Cloud computing is one of the major innovation advances in information technology. In order for more consumers to adopt cloud computing as a technological innovation there needs to be a better understanding of the issues involved in consumer adoption processes. Whilst there is an increasing amount of interest in cloud computing as a technological innovation there is an important need to examine the reasons why consumers adopt cloud computing. In this paper, the technology acceptance model and social cognitive theory are identified as the theoretical frameworks to understand the consumer adoption process of cloud computing. A set of research hypotheses are stated from both theoretical frameworks to test their relationship with a consumer’s intention to adopt cloud computing as a technological innovation. These hypotheses focus on perceived usefulness, perceived ease of use, online behavioural advertising knowledge, social networks and online privacy concerns. The findings of the study outline the different areas of technological innovation research that are needed in order to advance the information technology industry in the future. The findings suggest that perceived ease of use, perceived usefulness and online privacy concerns can determine a consumer’s intention to adopt cloud computing but online behavioural advertising knowledge and social networks differ amongst consumers in different countries. Finally, some of the key issues influencing consumer adoption of cloud computing are outlined, which due to the emerging nature of this technological innovation will influence the regulation and marketing of cloud computing services by firms and governments in the technology sector.
Vanessa Ratten
Customer Co-Production and Service Innovation Characteristics: A Conceptual Argument
With the servuction system as its overarching framework, this chapter aims to understand how the customer’s perception of service innovation characteristics is influenced by his/her co-production of the service for self (CPS) and the co-production of the service for others (CPO). A set of propositions articulate these relationships: (a) shifts in CPS and CPO are positively related to perceived relative advantage and negatively to perceived risk; (b) upward and downward shifts in CPS and CPO reduce perceived compatibility; and (c) shifts in CPS and CPO are inversely and positively related to perceived complexity, respectively. Since the nature of a service and its managerial consequences are intertwined, our findings in the two spheres of customer co-production (CPS and CPO) have important implications for service researchers and managers with respect to both short- and long-term service operation issues.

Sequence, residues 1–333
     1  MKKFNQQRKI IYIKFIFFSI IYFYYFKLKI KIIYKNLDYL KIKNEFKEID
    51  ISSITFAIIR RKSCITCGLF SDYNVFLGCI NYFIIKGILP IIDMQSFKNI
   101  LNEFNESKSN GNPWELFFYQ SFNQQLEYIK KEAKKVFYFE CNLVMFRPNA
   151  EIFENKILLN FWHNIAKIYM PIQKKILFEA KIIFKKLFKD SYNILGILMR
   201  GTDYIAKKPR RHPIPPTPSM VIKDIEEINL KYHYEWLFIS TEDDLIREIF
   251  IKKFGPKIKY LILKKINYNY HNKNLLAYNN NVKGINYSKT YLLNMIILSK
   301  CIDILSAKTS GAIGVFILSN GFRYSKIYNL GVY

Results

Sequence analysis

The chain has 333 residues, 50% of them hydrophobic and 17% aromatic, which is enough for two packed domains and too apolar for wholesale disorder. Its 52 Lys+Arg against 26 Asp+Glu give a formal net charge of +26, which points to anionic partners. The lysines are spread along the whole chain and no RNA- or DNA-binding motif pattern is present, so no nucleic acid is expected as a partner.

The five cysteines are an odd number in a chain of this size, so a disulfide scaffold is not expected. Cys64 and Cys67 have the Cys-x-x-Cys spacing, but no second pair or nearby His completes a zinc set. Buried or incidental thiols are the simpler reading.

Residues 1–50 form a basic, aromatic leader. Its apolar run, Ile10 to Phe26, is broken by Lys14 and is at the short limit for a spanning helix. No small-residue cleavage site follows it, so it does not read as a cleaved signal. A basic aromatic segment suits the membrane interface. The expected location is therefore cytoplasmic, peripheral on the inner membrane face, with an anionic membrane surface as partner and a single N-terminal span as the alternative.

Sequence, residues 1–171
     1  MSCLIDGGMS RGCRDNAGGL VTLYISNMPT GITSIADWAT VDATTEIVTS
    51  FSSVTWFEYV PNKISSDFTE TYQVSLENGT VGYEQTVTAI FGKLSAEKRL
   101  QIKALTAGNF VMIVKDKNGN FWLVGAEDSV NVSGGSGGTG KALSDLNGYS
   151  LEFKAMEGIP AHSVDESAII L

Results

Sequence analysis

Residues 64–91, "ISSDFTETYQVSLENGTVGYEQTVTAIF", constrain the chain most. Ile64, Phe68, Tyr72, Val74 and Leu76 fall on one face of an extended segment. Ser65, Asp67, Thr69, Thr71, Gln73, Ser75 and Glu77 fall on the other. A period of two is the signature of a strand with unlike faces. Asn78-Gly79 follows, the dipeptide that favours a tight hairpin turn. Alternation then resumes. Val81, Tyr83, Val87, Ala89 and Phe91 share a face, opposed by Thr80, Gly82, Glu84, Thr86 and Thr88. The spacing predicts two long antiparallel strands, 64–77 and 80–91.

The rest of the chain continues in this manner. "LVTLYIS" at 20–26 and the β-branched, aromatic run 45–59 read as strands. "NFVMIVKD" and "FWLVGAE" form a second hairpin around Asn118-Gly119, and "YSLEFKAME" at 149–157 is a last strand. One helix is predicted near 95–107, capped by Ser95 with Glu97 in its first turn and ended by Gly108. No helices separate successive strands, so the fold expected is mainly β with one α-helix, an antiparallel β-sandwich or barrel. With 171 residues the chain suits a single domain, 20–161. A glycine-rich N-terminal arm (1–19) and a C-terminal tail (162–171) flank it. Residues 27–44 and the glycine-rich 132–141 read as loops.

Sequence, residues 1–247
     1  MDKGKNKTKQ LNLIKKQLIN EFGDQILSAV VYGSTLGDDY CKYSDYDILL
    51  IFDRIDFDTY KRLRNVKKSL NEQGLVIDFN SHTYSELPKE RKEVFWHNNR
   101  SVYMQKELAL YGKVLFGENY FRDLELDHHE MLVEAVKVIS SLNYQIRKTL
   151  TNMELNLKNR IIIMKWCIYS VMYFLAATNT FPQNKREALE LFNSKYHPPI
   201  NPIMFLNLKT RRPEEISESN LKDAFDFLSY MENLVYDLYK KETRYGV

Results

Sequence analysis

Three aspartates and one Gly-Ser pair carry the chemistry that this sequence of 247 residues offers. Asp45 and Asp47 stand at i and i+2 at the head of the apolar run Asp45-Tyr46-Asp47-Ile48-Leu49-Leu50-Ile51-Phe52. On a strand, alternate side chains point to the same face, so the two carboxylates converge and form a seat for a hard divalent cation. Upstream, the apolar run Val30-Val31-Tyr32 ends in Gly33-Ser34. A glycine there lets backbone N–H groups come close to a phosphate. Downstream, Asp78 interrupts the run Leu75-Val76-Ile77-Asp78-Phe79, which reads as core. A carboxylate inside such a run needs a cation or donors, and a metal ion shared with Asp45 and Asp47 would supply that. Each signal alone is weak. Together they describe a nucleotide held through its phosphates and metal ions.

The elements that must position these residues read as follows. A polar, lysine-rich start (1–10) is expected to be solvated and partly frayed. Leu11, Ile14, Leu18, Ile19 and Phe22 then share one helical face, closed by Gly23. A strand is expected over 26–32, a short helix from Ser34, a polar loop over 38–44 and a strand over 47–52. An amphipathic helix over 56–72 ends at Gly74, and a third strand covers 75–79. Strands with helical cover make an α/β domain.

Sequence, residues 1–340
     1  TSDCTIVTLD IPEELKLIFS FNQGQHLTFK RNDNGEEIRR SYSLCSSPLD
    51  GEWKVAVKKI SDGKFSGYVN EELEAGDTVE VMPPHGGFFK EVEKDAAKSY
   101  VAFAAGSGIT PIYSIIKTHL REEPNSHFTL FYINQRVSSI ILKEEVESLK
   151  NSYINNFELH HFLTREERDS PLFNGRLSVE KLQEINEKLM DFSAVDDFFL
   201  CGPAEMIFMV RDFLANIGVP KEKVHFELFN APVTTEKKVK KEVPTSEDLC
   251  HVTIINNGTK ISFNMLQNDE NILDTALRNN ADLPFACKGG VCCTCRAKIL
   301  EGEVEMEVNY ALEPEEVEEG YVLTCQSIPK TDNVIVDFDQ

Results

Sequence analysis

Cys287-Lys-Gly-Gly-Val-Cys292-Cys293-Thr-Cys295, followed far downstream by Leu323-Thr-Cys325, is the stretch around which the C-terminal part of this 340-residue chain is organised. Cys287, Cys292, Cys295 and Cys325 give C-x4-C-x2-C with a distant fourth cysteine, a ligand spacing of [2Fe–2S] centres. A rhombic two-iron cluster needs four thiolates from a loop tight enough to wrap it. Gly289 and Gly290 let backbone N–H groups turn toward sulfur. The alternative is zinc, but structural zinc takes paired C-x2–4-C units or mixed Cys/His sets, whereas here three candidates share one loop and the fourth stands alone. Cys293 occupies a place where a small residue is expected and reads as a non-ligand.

Mohammadali Zolfagharian, Audhesh K. Paswan
Building Innovative Competitive Advantage in the Minds of Customers
The paradigm shifts of innovation and marketing in prior years have shown that these shifts arrive at a common point: competitive advantage. From the customers’ point of view, we recognize that brand associations are structured as a network in their minds and that customers distinguish among brands according to their competitive advantages. Therefore, a brand has innovative competitive advantage if it has strong favorable innovations associated with it in the minds of customers. These associations are created by innovating value that is strategically managed by marketers. Based on these concepts, the purpose of this study is to propose a conceptual model on innovative competitive advantage as a result of a detailed literature survey and a synthesis thereof. In addition, a pilot study follows the steps of brand concept mapping methodology, which enables us to represent brand image as a network of associations. It aims to demonstrate the practical application of brand innovativeness maps.
Taşkın Dirsehan
Institutions and Collaborative Innovation
This paper explores the importance of developing institutions as a means to govern collaborative innovation among stakeholders such as individuals and firms. We argue that institutions are a key element in the creation of markets to enable and sustain collaborative innovation. Institutions can be both informal and formal. Informal institutions include conventions, moral rules and social norms whereby there is no external enforcer. Formal institutions need external enforcement by a third party. We use the prisoner’s dilemma game and the empirical results from it as an analogy to draw lessons about how institutions could be developed to enhance collaborative innovations. We use case vignettes to illustrate our findings. We draw implications for managers to shape the institutional structure for collaboration by demonstrating the importance of fairness, reciprocity, development of social capital and understanding demographic characteristics of the participants. In addition, we show when participants are less homogenous, a formal external agency is needed to encourage collaboration.
Chander Velu
Organizing Open Innovation for Sustainability
Drawing Implications from a Case Study in the Agro-Food Complex in the Netherlands